- The 5 rules of effective outdoor advertising
- How geeks rediscovered old-school board games
- Supercharge Your Sales: 5 Elements of a Landing Page That Converts like It’s Nobody’s Business
- Introducing Wix Answers: a new customer support solution
- FAMILYTIME PARENTAL CONTROL APP – TOOL FOR NON-TECHY PARENTS TO MONITOR THEIR KIDS’ DIGITAL ACTIVITIES!
Most new startup or small business owners have a single pressing question that needs to be answered, and that is, “How do I start accepting payments?” By the time you’ve chosen a business structure, named your business, gotten incorporated, obtained your tax IDs, rented your storefront, and purchased your inventory, you need to be ready to accept that first dollar – and all the other dollars to come. Here’s what you need to know.
Set Up Your Business Bank Accounts So You Can Accept Checks
Before you can start accepting payments, you need to set up a business bank account, especially if your business name is different from your personal name. Doing so will make it easier to accept payments, including payments like checks that have to be made out to a specific payee. If you’re doing business under your own name, as a sole proprietor, for example, you could just have customers make out checks to you personally and deposit them in your personal account. But if you’re operating under a business name, you’ll need a bank account in that name into which you can deposit checks made out to the business.
It’s true that checks aren’t as popular a payment method as they used to be. If you’re running a retail outfit, for example, you probably won’t get many customers asking to pay by check. But while most consumers no longer prefer checks to make small purchases, the Federal Reserve reports that 1.27 billion checks worth more than $2 billion were written in the final quarter of 2017 alone. People still like to write checks for large purchases, and if you’ll be working with corporate clients, they will most likely want to pay you with a paper check, or at the very least, a direct deposit.
Choose a Merchant Services Provider
Your bank may provide credit card processing services, but you may want to look into going with a merchant services provider instead, because you’ll get much more for your money. A merchant services provider can set you up with the equipment, software, and online portals you need to accept payments of all kinds, not just credit cards. A merchant services provider can give you access to point-of-sale (POS) terminals, payment gateways, accounting software that automatically keeps track of electronic payments received, security and compliance tools, and tools for accepting contactless, mobile, and online payments.
The rate you pay for merchant services will depend on your transaction volumes and yearly revenue. Typically, you’ll pay a percentage of each transaction to cover processing fees and other costs. Shop around for the best rates, and be wary of providers who impose hold times between processing payments and making the money available to you in your account. This isn’t necessarily a bad thing; many providers use this float time to earn some extra interest on the money before handing it over. But, it could affect your cash flow. If you need the cash from your payments ASAP, go with a provider who makes payments available immediately after processing.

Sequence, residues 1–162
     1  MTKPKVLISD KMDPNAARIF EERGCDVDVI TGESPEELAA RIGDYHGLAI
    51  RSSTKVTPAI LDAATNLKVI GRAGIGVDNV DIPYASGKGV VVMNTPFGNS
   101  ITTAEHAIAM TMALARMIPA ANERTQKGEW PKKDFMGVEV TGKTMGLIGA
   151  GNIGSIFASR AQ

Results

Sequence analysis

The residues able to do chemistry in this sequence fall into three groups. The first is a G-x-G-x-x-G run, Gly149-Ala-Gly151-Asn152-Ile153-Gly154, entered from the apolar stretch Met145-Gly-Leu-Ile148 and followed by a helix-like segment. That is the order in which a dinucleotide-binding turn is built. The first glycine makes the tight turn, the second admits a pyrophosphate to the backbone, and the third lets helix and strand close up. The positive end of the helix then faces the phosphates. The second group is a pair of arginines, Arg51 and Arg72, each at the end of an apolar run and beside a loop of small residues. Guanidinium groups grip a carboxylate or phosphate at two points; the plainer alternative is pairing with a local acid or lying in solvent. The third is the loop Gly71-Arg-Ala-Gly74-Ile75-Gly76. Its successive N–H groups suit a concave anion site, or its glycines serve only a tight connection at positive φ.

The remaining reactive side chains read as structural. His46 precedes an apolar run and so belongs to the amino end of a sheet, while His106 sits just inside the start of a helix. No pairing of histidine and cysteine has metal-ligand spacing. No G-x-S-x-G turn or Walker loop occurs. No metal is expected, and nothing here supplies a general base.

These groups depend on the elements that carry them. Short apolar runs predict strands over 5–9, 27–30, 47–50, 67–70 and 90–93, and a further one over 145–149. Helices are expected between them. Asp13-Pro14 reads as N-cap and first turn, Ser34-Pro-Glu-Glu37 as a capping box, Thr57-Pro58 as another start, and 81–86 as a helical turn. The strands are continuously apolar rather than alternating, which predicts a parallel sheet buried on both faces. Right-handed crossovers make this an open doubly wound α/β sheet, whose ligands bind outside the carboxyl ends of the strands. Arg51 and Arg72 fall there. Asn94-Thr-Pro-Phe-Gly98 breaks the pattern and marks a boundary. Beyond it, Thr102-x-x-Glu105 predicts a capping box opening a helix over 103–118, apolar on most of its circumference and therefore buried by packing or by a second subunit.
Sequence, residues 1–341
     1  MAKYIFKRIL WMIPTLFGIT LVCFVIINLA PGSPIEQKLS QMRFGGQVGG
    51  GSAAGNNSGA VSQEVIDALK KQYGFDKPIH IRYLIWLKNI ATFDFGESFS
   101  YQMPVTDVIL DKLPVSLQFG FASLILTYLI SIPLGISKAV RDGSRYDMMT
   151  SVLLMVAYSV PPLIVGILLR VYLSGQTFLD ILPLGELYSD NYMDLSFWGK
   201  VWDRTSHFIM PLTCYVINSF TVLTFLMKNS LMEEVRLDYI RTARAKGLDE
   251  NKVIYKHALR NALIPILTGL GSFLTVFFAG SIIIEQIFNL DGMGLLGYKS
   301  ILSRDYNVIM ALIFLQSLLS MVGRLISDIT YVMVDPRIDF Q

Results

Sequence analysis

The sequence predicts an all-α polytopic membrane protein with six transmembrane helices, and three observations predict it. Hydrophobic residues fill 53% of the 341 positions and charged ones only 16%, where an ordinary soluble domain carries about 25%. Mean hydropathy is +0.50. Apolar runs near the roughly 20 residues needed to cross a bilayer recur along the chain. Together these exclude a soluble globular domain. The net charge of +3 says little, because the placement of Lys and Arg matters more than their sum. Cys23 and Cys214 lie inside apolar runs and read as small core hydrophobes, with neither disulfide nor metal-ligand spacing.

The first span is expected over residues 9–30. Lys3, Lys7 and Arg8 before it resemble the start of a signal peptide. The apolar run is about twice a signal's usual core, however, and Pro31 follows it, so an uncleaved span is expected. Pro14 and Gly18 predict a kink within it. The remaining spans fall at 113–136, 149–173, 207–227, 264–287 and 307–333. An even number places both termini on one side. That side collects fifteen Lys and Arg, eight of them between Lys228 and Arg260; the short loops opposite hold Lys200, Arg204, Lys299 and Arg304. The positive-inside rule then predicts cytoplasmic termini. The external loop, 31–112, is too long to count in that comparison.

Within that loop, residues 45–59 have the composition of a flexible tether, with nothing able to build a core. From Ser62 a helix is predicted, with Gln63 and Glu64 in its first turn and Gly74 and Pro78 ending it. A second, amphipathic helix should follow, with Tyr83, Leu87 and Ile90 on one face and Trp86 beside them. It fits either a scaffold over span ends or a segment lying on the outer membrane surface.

Implement Fraud Protections
Credit cards are one of the safest payment methods available, but that doesn’t mean fraud isn’t a risk. Most merchant services providers will include secure encryption for transaction data, and if they don’t, choose another provider. This is especially important for online payment portals, not only because of the risk of fraud, but because seeing a secure, encrypted connection makes customers feel safe about keying in their credit card details.
Ask your merchant services provider if they use the Address Verification System (AVS) or LinkPoint Secure Payment Gateway. Require card validation using MasterCard’s card verification value (CVV2) or Visa’s card validation code 2 (CVC2). In-store, be vigilant against credit card fraud; check customer IDs, inspect cards for signs of damage, capture signatures, and make sure you’re set up to accept EMV cards.
If you’re a new business owner, you need to be prepared to accept payments of all kinds. The worst thing you can do is say “Cash only,” because more and more customers these days prefer the convenience and security of debit or credit cards, mobile payment apps, and other payment methods. Set yourself up to accept cards, checks, online payments, and mobile payments, and watch the profits roll in.